MADISON, Wis. (AP) — The superintendents of Wisconsin's five largest school districts told members of the Legislature on Tuesday that they're “dismayed” that $2.3 billion in federal aid is at risk because of low funding for K-12 schools.
Superintendents of the Milwaukee, Madison, Racine, Kenosha and Green Bay school districts urged lawmakers in a letter to set aside partisan differences and to do what is best for the state's schools.
The state budget being written by the Legislature's Republican-controlled Joint Finance Committee does not include enough funding for K-12 schools to ensure that Wisconsin would be able to keep $2.3 billion in federal coronavirus relief money. Republican leaders have repeatedly said they will ensure the funding wouldn't be lost. The budget committee plans to complete its work this week.
As it stands, the new budget would include $128 million more in state funding for K-12 schools than the current one, which is about one-tenth of what Democratic Gov. Tony Evers requested. Evers and Democrats have urged lawmakers to spend more on K-12 schools, especially in light of rosier projections showing the state will collect $4.4 billion more in taxes than originally expected.
“We are dismayed that the legislature’s Joint Finance Committee voted to place ESSER dollars at risk,” the superintendents wrote, referring to the name of the federal aid bill.
The committee's decision to date “has led school districts to halt their planning efforts, as they do not know whether the expected federal resources will be forthcoming,” the superintendents wrote. “This is regrettable and will adversely affect Wisconsin students.”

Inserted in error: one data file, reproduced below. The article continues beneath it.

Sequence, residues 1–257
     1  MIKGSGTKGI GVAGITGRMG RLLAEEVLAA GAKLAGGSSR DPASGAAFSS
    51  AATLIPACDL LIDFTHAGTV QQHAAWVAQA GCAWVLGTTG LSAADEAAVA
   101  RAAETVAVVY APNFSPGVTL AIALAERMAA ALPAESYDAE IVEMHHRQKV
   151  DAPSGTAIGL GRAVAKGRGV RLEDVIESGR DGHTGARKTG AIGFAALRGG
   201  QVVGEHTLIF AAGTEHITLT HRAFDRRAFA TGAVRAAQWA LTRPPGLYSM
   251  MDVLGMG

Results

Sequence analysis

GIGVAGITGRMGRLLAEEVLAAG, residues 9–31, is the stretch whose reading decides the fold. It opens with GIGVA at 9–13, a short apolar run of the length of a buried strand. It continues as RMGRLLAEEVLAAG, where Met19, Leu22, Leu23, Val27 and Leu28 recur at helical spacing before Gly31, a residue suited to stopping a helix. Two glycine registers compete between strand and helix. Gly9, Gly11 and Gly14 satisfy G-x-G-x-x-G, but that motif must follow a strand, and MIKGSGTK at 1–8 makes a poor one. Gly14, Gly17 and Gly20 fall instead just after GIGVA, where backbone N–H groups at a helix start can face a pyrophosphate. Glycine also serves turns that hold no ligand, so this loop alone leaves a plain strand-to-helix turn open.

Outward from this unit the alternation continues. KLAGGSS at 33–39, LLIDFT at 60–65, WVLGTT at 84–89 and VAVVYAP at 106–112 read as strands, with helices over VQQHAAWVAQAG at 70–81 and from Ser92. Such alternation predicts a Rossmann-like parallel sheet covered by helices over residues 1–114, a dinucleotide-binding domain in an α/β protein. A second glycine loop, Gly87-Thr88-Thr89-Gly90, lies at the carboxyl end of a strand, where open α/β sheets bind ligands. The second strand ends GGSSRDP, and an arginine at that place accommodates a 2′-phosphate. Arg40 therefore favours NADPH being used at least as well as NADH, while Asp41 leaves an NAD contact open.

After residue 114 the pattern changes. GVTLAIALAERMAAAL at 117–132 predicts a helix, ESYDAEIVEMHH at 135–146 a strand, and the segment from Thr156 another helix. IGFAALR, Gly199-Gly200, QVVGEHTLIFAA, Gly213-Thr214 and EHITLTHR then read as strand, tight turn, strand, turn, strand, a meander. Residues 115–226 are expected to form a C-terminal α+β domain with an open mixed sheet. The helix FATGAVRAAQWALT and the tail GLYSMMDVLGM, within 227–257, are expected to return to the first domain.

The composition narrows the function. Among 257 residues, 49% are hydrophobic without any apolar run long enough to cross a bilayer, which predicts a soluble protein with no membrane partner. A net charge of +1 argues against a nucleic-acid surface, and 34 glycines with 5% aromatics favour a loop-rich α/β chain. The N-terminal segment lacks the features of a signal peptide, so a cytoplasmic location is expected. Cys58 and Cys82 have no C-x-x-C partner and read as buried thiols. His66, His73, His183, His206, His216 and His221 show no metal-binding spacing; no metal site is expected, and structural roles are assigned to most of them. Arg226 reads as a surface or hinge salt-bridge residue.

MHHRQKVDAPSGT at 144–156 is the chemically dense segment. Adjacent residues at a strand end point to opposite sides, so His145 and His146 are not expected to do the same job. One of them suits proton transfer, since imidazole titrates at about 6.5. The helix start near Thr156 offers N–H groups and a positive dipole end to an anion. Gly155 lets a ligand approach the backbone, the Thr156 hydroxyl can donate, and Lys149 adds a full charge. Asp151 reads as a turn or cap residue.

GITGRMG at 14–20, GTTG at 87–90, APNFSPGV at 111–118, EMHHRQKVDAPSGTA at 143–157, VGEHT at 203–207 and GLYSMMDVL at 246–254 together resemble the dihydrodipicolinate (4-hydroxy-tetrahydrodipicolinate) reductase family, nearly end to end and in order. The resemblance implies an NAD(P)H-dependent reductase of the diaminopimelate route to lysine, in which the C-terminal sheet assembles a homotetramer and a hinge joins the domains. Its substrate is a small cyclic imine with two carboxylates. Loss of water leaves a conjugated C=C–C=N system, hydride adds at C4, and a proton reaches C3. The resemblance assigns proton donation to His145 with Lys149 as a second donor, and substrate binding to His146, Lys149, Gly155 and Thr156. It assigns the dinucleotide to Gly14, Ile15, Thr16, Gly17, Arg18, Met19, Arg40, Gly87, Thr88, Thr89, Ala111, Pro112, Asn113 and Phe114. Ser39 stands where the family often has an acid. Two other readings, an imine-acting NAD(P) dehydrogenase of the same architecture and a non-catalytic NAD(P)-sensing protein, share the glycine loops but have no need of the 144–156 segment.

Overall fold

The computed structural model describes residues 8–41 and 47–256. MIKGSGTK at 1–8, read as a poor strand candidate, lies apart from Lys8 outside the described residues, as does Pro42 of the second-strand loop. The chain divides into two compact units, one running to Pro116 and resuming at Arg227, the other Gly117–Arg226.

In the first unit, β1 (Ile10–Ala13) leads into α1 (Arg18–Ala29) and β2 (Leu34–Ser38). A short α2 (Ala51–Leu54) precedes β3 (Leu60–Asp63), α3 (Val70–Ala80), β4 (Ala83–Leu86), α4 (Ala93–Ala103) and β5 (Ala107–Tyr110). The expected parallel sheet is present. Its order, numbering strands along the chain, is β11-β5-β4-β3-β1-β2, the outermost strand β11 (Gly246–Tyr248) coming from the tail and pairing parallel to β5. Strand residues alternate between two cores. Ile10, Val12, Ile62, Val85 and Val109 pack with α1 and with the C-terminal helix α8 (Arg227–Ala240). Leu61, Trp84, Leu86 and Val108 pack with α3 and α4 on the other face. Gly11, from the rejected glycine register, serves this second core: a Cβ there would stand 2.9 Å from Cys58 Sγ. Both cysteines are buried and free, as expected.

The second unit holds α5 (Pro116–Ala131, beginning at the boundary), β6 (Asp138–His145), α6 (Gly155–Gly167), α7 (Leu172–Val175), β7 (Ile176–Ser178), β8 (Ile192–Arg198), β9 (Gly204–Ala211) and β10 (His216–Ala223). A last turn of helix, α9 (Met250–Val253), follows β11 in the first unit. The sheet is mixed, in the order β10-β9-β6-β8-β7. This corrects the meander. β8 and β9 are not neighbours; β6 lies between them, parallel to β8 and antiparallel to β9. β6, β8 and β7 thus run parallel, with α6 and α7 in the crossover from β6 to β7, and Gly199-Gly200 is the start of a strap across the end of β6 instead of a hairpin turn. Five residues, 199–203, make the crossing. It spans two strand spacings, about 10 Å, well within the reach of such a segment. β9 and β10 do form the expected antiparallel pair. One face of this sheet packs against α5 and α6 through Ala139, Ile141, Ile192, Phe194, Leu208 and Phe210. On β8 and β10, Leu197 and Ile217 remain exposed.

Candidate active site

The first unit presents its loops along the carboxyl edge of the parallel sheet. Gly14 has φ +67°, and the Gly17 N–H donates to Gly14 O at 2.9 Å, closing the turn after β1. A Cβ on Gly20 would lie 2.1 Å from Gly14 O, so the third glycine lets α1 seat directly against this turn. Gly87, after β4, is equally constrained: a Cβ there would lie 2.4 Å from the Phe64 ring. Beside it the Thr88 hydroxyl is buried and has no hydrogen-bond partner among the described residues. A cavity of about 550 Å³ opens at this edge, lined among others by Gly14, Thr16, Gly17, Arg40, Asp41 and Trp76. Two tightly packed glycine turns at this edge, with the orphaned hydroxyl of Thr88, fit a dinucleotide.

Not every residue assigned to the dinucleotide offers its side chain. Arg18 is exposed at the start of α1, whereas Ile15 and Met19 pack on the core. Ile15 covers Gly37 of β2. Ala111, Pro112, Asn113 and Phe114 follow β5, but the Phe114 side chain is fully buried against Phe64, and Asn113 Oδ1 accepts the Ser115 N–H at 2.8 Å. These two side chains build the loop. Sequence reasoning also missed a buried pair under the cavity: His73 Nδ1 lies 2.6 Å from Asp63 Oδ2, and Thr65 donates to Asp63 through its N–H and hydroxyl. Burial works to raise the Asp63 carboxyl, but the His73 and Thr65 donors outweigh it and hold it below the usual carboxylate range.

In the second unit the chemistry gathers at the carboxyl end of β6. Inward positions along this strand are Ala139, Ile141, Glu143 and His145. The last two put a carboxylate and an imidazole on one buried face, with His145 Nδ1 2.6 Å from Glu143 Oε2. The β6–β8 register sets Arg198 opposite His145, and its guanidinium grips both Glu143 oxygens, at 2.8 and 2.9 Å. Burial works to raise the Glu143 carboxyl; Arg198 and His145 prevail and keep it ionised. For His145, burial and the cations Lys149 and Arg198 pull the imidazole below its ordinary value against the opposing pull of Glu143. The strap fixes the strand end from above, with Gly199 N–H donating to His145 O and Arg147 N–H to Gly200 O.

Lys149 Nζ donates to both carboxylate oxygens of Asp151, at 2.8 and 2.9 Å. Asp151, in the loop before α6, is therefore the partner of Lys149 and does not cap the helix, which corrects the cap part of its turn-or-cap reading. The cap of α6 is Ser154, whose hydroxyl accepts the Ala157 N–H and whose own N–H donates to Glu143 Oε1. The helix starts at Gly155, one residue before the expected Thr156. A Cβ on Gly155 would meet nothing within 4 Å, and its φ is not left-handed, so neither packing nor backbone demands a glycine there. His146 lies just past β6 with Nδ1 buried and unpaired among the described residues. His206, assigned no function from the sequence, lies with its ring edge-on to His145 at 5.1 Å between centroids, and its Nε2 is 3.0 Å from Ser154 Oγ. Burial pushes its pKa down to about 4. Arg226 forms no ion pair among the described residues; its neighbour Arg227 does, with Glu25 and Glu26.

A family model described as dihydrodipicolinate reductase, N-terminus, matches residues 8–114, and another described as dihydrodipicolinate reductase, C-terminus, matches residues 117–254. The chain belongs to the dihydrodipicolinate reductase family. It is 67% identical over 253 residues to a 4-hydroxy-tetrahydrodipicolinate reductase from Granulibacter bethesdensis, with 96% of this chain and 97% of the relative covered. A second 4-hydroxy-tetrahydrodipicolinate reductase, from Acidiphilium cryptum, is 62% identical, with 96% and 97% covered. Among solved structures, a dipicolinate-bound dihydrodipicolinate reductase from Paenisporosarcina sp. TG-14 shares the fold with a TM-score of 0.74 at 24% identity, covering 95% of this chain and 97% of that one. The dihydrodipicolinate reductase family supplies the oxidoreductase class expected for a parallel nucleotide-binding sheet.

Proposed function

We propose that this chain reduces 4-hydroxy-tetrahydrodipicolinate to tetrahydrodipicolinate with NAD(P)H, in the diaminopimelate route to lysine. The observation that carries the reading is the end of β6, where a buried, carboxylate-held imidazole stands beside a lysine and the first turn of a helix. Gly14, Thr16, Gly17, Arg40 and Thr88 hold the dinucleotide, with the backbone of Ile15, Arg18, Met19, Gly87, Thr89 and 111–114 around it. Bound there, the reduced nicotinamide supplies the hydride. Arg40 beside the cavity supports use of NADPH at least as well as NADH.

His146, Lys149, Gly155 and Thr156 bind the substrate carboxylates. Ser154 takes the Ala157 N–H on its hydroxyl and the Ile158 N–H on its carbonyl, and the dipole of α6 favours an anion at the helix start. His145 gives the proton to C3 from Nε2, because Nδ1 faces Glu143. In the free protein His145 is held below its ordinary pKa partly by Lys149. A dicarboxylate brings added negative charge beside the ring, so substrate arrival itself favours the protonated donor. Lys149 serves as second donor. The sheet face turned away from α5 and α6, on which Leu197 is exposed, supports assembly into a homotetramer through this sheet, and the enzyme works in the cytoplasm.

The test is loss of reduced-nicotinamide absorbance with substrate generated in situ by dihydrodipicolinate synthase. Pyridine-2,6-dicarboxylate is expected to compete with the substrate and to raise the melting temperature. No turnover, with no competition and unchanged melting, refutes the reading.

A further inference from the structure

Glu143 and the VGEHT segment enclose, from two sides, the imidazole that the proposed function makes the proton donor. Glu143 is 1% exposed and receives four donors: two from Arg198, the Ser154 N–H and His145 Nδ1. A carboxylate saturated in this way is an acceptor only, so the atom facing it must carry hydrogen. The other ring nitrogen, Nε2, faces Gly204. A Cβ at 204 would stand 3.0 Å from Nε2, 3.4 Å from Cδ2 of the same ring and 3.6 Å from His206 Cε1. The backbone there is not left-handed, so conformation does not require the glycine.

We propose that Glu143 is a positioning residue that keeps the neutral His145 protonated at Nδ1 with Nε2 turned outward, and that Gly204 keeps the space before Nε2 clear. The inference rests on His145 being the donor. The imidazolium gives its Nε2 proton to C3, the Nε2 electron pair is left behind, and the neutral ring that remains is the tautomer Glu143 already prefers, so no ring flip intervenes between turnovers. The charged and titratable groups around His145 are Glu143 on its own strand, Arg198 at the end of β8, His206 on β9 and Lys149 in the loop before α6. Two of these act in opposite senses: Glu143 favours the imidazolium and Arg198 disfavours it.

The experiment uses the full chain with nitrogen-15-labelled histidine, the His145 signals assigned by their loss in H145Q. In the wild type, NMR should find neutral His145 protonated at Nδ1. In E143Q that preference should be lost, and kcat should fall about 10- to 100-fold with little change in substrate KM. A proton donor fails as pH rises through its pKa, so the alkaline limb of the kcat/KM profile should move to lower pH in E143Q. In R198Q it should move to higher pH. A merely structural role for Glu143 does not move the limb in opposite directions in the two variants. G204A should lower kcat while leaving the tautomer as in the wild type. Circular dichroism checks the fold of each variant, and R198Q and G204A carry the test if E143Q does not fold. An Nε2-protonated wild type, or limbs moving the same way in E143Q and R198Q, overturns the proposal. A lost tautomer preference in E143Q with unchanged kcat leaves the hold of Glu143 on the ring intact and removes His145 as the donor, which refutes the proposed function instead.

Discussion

Budget committee co-chair, Rep. Mark Born, reiterated Tuesday that Republicans were working on a solution to not lose the money.
“We’re confident we’ll be in compliance," he said.
Evers responded to the letter with a message on Twitter.
“What’s best for our kids is what’s best for our state, which is why investing in education is a no-brainer,” he tweeted. “Republicans gutted my #BadgerBounceback investments in our kids and are jeopardizing $2.3 billion in federal funds. Enough politics. Do what’s best for our kids.”
The superintendents said the federal money would provide a “unique opportunity to work with our community partners to address inequities in our school communities.” The five districts serve more than 150,000 students combined, or nearly 20% of the state's students. Of those, more than 104,000 are in poverty and the COVID-19 pandemic has only exacerbated the problems they face, the superintendents wrote.
The federal money would not only help schools meet expenses caused by the pandemic, it would also have a positive economic impact on the state, they wrote.
The letter was written by Milwaukee Superintendent Keith Posley, Madison Superintendent Carlton Jenkins, Green Bay Superintendent Stephen Murley, Kenosha Superintendent Sue Savaglio-Jarvis and Racine Superintendent Eric Gallien.